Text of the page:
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Research Project: Improving Nutrition and Physical Activity Related Health Behaviors in Children and Their Environment

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Title: Maternal diet quality and nutrient intake in the gestational period: results from the Delta Healthy Sprouts comparative impact trial

Author
item Tussing-humphreys, Lisa - University Of Illinois
item Thomson, Jessica
item Goodman, Melissa
item Olender, Sarah - University Of Illinois

Submitted to: Maternal and Child Nutrition
Publication Type: Peer Reviewed Journal
Publication Acceptance Date: 8/3/2016
Publication Date: 8/17/2016
Publication URL: http://handle.nal.usda.gov/10113/5510078
Citation: Tussing-Humphreys, L.M., Thomson, J.L., Goodman, M.H., Olender, S. 2016. Maternal diet quality and nutrient intake in the gestational period: results from the Delta Healthy Sprouts comparative impact trial. Maternal and Child Nutrition. 2:8. doi:10.1186/s40748-016-0036-7.

Interpretive Summary: A woman’s diet throughout pregnancy can play an important role in her reproductive health as well as the health of her unborn child. Suboptimal maternal nutrition is linked to adverse pregnancy outcomes including excessive maternal weight gain, development of gestational complications including gestational diabetes, increased rates of preterm birth, restricted infant growth, and maternal and infant morbidity and mortality. This is especially concerning for pregnant women residing in the Lower Mississippi Delta region of the United States as their diets are strikingly inadequate. The Delta Healthy Sprouts Project was designed to test the comparative impact of two home visiting programs on weight status, dietary intake, and health behaviors of women and their infants residing in the Lower Mississippi Delta region. In this paper, results pertaining to maternal diet quality and nutrient intake in the gestational period are reported. Beginning in the second trimester of pregnancy, the experimental group (PATE) received monthly home visits using the Parents as Teachers curriculum enhanced with nutrition and physical activity components. The control group (PAT) received monthly home visits using the Parents as Teachers curriculum only. Maternal diet was assessed three times during the gestational period using 24-hour dietary recalls and diet quality was computed using the Healthy Eating Index-2010 (scale range 0-100 points). At all three time points, diet quality was low ranging from 44 to 46 points for PATE participants and from 41 to 43 points for PAT participants. Diet quality did not change over time nor were there differences between the two groups of participants. Likewise, nutrient intakes did not change over time and did not differ between the two groups. Designing effective interventions that enable women to improve their dietary intake during pregnancy remains a challenge as evidenced by the lack of impact on maternal diet quality observed in this study.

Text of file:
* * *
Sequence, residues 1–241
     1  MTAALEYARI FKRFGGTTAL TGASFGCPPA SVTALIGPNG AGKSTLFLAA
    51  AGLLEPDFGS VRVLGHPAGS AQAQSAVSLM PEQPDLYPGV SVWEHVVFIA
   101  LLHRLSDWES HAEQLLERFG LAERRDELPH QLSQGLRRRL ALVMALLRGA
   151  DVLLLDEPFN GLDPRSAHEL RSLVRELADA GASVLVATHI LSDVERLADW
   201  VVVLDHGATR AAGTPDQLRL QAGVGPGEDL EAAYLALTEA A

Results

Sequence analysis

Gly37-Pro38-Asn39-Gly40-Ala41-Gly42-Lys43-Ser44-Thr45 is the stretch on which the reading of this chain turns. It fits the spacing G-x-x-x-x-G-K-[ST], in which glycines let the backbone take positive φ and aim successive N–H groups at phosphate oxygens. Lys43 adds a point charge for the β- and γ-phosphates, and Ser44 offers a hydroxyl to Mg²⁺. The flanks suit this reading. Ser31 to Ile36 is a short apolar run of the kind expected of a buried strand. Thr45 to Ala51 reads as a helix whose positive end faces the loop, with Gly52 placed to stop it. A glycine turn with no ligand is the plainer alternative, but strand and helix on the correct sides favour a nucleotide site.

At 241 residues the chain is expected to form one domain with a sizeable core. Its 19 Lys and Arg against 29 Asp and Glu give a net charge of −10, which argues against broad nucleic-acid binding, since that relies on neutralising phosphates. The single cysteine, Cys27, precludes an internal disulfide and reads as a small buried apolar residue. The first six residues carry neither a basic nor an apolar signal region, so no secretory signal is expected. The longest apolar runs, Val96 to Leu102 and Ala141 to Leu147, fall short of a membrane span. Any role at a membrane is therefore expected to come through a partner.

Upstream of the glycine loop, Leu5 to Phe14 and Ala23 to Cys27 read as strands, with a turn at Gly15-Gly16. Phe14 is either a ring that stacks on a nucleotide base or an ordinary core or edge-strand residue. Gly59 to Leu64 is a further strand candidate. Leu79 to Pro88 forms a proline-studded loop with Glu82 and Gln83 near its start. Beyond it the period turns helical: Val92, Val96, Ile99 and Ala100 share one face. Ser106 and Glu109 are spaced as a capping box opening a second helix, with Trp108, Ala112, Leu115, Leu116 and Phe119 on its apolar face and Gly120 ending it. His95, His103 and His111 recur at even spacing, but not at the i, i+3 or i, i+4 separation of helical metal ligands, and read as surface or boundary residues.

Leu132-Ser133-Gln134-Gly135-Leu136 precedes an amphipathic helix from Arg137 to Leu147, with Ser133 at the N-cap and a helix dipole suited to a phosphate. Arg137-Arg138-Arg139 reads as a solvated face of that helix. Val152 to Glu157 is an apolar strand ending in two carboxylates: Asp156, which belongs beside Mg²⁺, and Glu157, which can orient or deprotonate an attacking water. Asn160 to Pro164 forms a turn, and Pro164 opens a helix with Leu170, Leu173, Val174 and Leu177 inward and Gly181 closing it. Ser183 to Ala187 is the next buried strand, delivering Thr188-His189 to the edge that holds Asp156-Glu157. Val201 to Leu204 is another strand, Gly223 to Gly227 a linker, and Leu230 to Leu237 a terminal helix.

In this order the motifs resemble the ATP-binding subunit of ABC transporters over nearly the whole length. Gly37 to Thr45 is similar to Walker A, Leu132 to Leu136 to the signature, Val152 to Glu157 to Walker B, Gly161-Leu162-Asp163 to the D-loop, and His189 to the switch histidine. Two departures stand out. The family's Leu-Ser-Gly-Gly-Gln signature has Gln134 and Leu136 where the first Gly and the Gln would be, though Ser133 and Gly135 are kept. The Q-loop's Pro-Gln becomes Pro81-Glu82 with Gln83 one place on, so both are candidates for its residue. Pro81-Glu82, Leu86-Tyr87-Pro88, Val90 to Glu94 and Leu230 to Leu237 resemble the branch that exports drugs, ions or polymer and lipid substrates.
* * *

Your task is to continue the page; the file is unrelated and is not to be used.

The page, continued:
Technical Abstract: A woman’s diet while pregnant can play an important role in her reproductive health as well as the health of her unborn child. Diet quality and nutrient intake amongst pregnant women residing in the rural Lower Mississippi Delta (LMD) region of the United States is strikingly inadequate. The Delta Healthy Sprouts Project was designed to test the comparative impact of two home visiting programs on weight status, dietary intake, and health behaviors of women and their infants residing in the LMD region. This paper reports results pertaining to maternal diet quality and nutrient intake in the gestational period. The experimental arm (PATE) received monthly home visits beginning in the second trimester using the Parents as Teachers curriculum enhanced with a nutrition and lifestyle behavior curriculum. The control arm (PAT) received monthly home visits using the Parents as Teachers curriculum only. Maternal diet was assessed via 24-hour dietary recall at gestational month (GM) 4 (baseline), 6, and 8. Diet quality was computed using the Healthy Eating Index-2010 (HEI-2010). Gestational period retention rates for PAT and PATE arms were 77% (33/43) and 67% (26/39), respectively. Significant effects were not found for time, treatment, or time by treatment for the HEI-2010 total or component scores, macro- or micronutrient intake or percentage of women meeting recommended nutrient intakes. The PATE and PAT interventions had no significant effect on maternal diet quality or nutrient intake during pregnancy in this cohort of rural, Southern, primarily African American women.